Archaeologists recently found the unique burials during an excavation ahead of a construction project in Cluj-Napoca, the historic capital of Transylvania. Although archaeologists don’t know exactly what the urns contained, it’s likely that they held food or drink — basically, nourishment that could be consumed by the dead during their passage to the next world, according to the prevailing guess among archaeologists.
The site, a more than 10,000-square foot (930-square meters) area containing numerous graves, was discovered by two distinct settlements: one from the Neolithic, or New Stone Age, dating to 6,000 years ago and a later, Celtic settlement that was built on top of it 2,200 years ago.
Follow-up analyses will reveal the sexes of those in the burials, as well as how old they were and whether they had any diseases.
“Their story must be told, revealed, through such excavations,” Paul Pupeză, an archaeologist at the National Museum of Transylvanian History who helped excavate the remains, told gherlaininfo.ro, a Romanian-based news site. “By learning more about them, we will know more about ourselves. We are the first to get our hands on these fragments, after thousands of years.”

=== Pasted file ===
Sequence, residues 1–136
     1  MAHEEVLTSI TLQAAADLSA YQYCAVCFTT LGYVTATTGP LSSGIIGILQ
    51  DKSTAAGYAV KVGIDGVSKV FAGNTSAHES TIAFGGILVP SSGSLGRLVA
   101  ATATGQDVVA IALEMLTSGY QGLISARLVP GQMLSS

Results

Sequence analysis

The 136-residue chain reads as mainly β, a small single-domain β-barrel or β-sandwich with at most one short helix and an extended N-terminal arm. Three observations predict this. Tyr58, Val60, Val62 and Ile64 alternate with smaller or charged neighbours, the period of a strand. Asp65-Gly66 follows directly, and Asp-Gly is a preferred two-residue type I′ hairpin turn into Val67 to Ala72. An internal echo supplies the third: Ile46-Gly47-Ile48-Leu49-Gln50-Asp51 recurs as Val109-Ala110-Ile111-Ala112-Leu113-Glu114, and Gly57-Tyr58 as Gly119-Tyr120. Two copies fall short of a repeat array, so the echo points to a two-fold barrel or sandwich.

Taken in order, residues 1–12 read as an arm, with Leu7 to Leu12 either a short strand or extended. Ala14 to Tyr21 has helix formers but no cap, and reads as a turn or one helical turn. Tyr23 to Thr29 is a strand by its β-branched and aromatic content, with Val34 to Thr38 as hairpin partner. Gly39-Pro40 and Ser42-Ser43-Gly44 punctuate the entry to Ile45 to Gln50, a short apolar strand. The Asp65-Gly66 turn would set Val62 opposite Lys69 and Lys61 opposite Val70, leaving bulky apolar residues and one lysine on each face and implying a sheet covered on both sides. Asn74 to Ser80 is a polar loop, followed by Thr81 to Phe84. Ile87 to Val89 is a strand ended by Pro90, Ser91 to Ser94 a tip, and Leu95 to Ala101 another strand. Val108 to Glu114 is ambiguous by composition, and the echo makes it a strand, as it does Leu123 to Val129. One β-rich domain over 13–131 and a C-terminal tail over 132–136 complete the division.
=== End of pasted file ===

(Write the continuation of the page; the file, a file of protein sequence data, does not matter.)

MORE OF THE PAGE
The Neolithic settlement was a fairly sophisticated one. For instance, the researchers uncovered traces of wooden walls that the Stone Age inhabitants used to fortify their homes — with wealthier individuals having more fortifications. Archaeologists also unearthed a pit used to store food, which later became a landfill.
The Celts at the site, in contrast, had different burial techniques. Nowadays, Celtic history in popular culture is mainly known from France, the United Kingdom and Ireland, but their tribes were spread across Europe in ancient times, occupying lands as far east as modern-day Turkey, Live Science previously reported. In Transylvania, the Celts did not leave any skeletal remains behind. Instead of burying their dead, Celtic tribes would incinerate them and inter their remains in large urns. The urns were then buried in the ground alongside offerings, such as iron wrought goods.
Burial gifts of food were common among ancient peoples, and evidence suggests that even some of those who were ritually sacrificed were fed a specially prepared final meal before meeting their demise. The so-called “Tollund man,” whose body was found preserved in a Danish bog since 400 B.C., ate a specially prepared meal of porridge and fish before being hanged, Live Science previously reported.